Journal of Nursing Education

Syllabus Selections: Innovative Learning Activities Free

Active Learning Health Terminology Activity

Teale Ryan, BSN, RN

Essential I of The Essentials of Baccalaureate Education for Professional Nursing Practice (American Association of Colleges of Nursing, 2008) emphasizes the importance of a liberal education, including life sciences, to develop innovative nursing practice. A baccalaureate nursing program must build on that prior liberal education, including prior anatomy and health terminology knowledge, and integrate theories and concepts. The goals of this active learning activity were to apply anatomical terminology to a real person during an active learning exercise, solidify prior education in anatomy and physiology, and increase comfort with physical contact with patients by building on prior education of nursing students.

Nursing students attempting to visualize the anatomy of a three-dimensional patient by studying two-dimensional photographs and drawings in textbooks often are left frustrated. The prerequisite medical terminology and anatomy courses are unlikely to teach the words in the context of nursing. When junior-level nursing students arrived at a large midwestern university, many were familiar with medical jargon, but not with the application of the knowledge. For example, a student may remember hearing the term “anterior” but may not remember that it refers to the front of a body. Researchers continue to show active learning improves knowledge retention and examination performance (Freeman et al., 2014).

During a classroom learning module on health terminology and abbreviations, students dressed in business casual or clinical uniform scrubs were paired and given 12 sticky notes. Depending on the level of comfort with being touched, students were instructed to label their partners or themselves with 12 anatomical locations, including proximal humerus, distal femur, superior vena cava labeled on the dorsal side, and naming and labeling a muscle of the leg that is proximal to the patella. Care was taken in selecting sites to minimize discomfort with being touched.

One site, the lateral epicondyle, was selected because two different bones have this landmark. This emphasized the need to ask for clarification when unsure about orders or instructions. On completing the exercise, a pair of students was selected to demonstrate their placements to the class, giving the other students an opportunity to verify their accuracy.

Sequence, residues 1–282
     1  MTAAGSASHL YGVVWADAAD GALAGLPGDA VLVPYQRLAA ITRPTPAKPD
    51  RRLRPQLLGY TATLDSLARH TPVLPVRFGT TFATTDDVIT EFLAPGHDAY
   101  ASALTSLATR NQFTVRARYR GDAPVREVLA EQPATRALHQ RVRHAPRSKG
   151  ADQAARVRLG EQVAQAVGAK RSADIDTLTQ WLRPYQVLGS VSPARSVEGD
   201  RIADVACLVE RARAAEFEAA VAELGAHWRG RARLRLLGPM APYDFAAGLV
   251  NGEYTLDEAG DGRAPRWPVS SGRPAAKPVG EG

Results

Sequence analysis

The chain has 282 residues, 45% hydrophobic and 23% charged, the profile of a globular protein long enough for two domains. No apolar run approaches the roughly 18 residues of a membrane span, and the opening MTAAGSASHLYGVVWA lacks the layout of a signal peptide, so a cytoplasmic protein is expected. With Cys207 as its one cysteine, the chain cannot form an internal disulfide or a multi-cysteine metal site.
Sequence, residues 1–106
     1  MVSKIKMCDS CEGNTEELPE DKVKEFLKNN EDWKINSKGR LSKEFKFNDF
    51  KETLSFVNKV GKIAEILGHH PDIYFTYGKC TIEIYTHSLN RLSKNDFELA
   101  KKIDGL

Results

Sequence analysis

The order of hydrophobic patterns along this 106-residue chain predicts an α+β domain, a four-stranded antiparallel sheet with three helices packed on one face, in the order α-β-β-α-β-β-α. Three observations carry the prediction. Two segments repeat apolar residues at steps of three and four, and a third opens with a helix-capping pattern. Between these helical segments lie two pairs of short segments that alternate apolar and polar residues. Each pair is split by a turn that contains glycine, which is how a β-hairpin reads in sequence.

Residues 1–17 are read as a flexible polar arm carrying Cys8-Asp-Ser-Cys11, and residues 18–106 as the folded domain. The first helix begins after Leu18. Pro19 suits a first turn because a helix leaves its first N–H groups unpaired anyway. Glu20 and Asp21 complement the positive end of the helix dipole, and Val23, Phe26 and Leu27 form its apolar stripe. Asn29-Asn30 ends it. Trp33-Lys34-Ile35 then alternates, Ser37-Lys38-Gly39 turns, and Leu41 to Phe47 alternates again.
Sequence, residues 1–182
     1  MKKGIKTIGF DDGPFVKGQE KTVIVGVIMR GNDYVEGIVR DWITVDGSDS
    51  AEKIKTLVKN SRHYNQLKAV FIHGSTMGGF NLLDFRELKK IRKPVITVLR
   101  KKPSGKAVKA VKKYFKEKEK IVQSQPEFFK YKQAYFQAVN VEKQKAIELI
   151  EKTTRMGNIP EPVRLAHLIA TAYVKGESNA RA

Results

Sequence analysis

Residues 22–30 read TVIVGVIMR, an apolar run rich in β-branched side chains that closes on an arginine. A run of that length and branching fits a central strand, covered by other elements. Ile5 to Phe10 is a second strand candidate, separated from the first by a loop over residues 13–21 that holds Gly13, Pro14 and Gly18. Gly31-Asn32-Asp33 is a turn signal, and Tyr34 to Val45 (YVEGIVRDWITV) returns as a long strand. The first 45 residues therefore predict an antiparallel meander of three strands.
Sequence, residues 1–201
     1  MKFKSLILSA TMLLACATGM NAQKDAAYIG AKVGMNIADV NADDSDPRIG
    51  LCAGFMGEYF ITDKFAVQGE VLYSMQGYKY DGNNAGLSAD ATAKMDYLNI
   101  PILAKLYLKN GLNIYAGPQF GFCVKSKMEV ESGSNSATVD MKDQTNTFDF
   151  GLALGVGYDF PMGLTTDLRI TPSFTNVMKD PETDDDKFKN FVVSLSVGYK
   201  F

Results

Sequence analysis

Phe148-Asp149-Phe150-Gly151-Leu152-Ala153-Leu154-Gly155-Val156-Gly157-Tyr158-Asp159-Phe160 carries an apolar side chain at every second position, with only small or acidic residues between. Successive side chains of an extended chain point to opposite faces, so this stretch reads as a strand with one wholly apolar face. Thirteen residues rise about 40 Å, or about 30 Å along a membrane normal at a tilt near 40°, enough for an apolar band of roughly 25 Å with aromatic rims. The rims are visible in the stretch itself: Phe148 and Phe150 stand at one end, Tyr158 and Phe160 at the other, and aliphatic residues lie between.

Most students reported feeling comfortable with the terminology, but the hands-on activity made a greater impact on their memory. In addition to the health terminology lesson refresher, students reported this exercise taught the importance of asking a patient's permission before touching. Students who reported being uncomfortable having labels placed on them stated this activity will make them more mindful when performing patient care in the future.

In a reflective journal, one student wrote, “From putting sticky notes on other people, I learned it is important to respect other people's boundaries and acknowledge their space.” Others thought the activity would help with more accurate documentation of injuries and wounds. Finally, one student reported, “The activity was really helpful because it was a great group project to review common landmarks and to be able to see them on an actual person really connected the dots.”

In summary, this hands-on active learning activity allowed prior learning in prerequisite liberal education courses to be applied in a nursing setting. Based on reports from students' reflective journals and subsequent self-reported improved patient interactions in clinical rotations, this activity achieved the stated goals and purpose.

Teale Ryan, BSN, RN
University of Kansas
School of Nursing—Salina


  • American Association of Colleges of Nursing. (2008). The essentials of baccalaureate education for professional nursing practice. Washington, DC: Author.
  • Freeman, S., Eddy, S.L., McDonough, M., Smith, M.K., Okoroafor, N., Jordt, H. & Wenderoth, M.P. (2014). Active learning increases student performance in science, engineering, and mathematics. Proceedings of the National Academy of Sciences, 111(23), 8410–8415 doi:10.1073/pnas.1319030111 [CrossRef]

The author has disclosed no potential conflicts of interest, financial or otherwise.


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